IP-EASE (14 Ounces)
Intestinal permeability, “leaky gut”, is a condition of intestinal barrier dysfunction characterized by structural abnormalities, mucus degradation, and defective regulatory mechanisms, namely tight junctions (TJ), which are the predominant gatekeepers that selectively traffic water ions and small molecules between intestinal epithelial cells (paracellular passage). Increased intestinal permeability is associated with several diverse conditions including severe trauma or infection, multiple organ failure, neurodegeneration, obesity, mood disorders, metabolic imbalances (e.g., insulin resistance, non-alcoholic fatty liver disease), and particularly autoimmune and inflammatory bowel disease (IBD). With increased intestinal permeability, the immune system becomes overreactive due to constant stimulation by undigested macromolecules and bacterial endotoxins which freely access the bloodstream and circulate throughout the body. Dietary and lifestyle factors can damage intestinal barrier structure and function directly through inflammatory mechanisms, or disrupt the balance of healthy bacteria species that serve to maintain intestinal integrity.
- L-Glutamine is the most abundant and versatile amino acid in the body, participating in a diverse collection of metabolic processes and supporting the function and proliferation of various immune cells. Key metabolic organs and tissue, including the liver, gut, kidneys, and skeletal muscles rely heavily on glutamine as a substrate, precursor, or fuel for several biological processes. Though not classified as essential, glutamine becomes an essential amino acid during periods of increased stress or catabolic/hypercatabolic states (e.g., infection, critically ill, post-trauma, sepsis, intense/prolonged exercise).
Both the small and large intestines are capable of metabolizing large amounts of glutamine, which is quantitatively more relevant than glucose as an energy substrate. As an essential fuel source, glutamine enhances the survival and proliferation of enterocytes (intestinal cells), preserves intestinal barrier function, protects intestinal tissue in states of digestive stress, and prevents permeability to toxins and pathogens under various conditions of gastrointestinal injury.* Several clinical studies support the use of dietary glutamine in maintaining normal function of the entire gastrointestinal (GI) tract, as well as the liver and pancreas.*
The expression of several genes in immune cells is largely dependent on glutamine availability. Among its many functions, glutamine is required for the activation of specific proteins that control immune cell proliferation, it participates in tissue repair processes, plays an essential role in intracellular pathways associated with pathogen recognition, and serves as an energy substrate for white blood cells.* When persistently depleted, as seen with chronic or increased stressors, a large number of metabolic pathways and mechanisms that require glutamine availability are affected, leading to immunosuppression.*
- Acacia Senegal (Arabic Gum) Is a soluble dietary fiber that is fermented in the colon under microbial influence to produce short chain fatty acids. Short chain fatty acids, including acetic, propionic, and butyric acid, perform several functions in the maintenance of gastrointestinal and immune homeostasis. The prebiotic properties of acacia serve to support beneficial bacteria species for a more robust expression of healthful bacterial populations.* Additionally, acacia normalizes gut transit time, eases constipation/diarrhea, and reduces inflammatory immune protein production.*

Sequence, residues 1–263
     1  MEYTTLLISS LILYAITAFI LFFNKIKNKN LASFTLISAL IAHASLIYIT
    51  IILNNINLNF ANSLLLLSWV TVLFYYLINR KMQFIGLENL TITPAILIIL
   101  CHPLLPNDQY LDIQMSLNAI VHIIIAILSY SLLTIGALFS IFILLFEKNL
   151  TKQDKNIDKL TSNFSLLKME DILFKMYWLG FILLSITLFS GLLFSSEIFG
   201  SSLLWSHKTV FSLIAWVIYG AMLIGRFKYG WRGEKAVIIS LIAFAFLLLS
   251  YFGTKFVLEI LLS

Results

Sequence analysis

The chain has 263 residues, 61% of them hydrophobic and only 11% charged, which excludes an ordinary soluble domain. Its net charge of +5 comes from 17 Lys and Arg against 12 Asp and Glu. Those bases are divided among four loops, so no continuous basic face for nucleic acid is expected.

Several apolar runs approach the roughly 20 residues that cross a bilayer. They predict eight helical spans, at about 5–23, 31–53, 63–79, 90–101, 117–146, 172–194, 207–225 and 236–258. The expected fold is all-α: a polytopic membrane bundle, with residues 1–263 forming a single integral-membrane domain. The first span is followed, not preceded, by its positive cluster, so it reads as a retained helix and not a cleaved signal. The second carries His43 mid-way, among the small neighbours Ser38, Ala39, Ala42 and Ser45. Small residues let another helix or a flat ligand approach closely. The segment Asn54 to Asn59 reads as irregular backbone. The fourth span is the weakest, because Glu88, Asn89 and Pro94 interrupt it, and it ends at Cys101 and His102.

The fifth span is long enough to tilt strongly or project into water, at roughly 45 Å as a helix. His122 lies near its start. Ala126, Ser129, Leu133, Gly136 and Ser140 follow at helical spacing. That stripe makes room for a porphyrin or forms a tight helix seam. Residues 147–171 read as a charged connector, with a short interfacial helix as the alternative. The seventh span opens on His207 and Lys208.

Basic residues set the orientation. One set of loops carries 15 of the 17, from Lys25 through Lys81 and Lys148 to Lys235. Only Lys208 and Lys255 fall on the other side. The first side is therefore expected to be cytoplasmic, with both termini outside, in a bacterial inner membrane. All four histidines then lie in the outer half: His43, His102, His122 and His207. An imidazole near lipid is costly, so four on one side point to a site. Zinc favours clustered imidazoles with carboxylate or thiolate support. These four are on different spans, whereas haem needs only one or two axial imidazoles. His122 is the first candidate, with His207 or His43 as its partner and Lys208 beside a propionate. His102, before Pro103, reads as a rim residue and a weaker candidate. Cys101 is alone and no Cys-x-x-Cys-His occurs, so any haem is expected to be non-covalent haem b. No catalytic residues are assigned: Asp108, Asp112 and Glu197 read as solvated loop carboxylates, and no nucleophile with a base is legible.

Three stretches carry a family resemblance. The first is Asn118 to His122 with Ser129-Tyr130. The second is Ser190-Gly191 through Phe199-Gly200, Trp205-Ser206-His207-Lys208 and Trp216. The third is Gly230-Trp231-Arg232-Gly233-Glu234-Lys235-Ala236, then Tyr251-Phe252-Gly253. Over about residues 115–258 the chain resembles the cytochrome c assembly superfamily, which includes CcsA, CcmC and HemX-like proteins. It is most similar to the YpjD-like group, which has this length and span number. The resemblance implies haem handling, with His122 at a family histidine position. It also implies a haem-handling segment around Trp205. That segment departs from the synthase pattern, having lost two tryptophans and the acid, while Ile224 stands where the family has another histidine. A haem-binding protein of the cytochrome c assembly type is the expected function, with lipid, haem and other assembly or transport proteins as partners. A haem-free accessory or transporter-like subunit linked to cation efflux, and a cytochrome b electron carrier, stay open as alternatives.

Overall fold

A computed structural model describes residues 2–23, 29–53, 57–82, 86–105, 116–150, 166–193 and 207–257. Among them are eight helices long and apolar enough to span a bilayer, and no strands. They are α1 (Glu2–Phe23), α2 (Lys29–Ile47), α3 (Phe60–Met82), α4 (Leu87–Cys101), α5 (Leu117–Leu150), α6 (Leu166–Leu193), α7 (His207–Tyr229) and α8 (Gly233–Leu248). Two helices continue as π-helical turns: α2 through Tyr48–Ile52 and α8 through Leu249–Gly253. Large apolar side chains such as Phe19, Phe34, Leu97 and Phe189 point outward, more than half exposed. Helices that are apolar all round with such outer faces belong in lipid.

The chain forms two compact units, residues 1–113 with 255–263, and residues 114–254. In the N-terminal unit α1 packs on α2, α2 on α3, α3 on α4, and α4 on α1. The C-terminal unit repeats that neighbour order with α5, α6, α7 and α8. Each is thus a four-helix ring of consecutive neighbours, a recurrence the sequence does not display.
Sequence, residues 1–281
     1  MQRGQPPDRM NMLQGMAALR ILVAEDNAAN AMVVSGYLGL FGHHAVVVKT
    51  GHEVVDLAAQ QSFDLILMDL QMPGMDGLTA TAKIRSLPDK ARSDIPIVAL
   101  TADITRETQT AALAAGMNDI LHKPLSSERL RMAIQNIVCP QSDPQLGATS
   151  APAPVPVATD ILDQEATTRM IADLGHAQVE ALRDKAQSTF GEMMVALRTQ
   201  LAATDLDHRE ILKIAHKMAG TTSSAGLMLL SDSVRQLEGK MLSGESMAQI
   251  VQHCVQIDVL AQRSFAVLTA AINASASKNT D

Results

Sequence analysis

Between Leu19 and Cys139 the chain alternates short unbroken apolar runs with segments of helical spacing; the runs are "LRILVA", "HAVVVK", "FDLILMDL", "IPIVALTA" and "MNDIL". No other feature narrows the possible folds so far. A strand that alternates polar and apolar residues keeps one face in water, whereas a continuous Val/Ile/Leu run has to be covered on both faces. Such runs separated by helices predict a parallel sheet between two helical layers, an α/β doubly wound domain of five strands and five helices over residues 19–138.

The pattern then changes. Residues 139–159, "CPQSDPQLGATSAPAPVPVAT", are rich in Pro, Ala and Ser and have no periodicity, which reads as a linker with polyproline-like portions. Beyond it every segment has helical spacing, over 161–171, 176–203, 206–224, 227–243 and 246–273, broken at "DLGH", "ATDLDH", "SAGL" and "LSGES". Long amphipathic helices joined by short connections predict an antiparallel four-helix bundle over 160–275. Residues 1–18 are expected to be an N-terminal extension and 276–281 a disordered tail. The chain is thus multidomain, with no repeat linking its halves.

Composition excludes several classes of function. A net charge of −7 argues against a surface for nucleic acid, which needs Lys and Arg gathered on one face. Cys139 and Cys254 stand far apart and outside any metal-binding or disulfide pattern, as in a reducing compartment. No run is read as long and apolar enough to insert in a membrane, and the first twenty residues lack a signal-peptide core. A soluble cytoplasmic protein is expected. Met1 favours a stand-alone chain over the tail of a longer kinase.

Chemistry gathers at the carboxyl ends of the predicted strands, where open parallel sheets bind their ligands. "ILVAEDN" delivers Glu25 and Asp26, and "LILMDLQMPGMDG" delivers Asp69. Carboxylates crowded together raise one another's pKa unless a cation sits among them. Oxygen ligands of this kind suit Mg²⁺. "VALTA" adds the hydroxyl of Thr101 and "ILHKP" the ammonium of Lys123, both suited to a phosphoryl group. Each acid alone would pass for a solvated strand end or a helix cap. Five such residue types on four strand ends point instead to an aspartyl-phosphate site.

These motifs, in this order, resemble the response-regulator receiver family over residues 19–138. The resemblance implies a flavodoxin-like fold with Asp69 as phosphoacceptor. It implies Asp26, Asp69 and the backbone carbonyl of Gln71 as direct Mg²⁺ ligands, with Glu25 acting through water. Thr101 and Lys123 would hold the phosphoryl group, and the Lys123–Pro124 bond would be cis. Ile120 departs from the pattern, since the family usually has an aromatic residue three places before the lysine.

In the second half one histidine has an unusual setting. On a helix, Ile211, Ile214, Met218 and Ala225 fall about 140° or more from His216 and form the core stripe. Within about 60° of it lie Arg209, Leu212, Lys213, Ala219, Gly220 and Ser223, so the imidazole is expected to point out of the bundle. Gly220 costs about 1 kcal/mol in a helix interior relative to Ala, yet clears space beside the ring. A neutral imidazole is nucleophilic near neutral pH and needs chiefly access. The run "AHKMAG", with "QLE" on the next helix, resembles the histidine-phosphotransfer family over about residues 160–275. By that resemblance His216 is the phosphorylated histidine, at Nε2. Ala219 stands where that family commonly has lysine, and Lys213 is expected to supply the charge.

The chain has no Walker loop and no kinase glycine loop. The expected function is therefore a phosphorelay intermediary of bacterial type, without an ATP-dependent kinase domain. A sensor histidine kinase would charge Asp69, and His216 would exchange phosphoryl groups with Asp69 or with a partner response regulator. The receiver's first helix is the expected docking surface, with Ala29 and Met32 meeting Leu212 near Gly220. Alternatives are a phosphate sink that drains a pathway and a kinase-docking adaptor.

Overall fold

- Ginger has been used in both Ayurvedic and Traditional Chinese Medicine for thousands of years and is regarded for its effects on digestive health among other conditions. Of its known benefits, ginger has shown to improve dyspepsia, reduce damage to the mucosal lining of the digestive tract, stimulate digestion by increasing bile secretions and digestive enzyme activity, increase intestinal motility, and alleviate abdominal pain.* Ginger is also well-known for its antioxidant, anti-inflammatory and antimicrobial effects.*
- N-Acetyl-Glucosamine (NAG) is a naturally occurring amino sugar found in glycosaminoglycans, which are major structural components of connective tissues and intestinal mucous secretions. The mucous layer of the digestive tract serves to protect the intestinal epithelium from pathogens and harmful bacteria species, while facilitating repair of the intestinal lining and promoting the transit of digested food through the GI tract.*
- Cranberry Extract (Full Spectrum), rich in phenolic bioactives including flavan-3-ols, A-type procyanidins (PACs), anthocyanins, benzoic acid, and ursolic acid and a unique profile of all 6 members of the anthocyanidin family, has shown to alter the composition of intestinal microbiota resulting in improved intestinal, urinary tract, and metabolic health.* Preclinical data supports the use of cranberry extracts for improving ratios of several commensal bacteria species, with notable increases in Akkermansia muciniphila, a mucin-degrading bacterium inversely associated with obesity, diabetes, cadiometabolic diseases, and low-grade inflammation.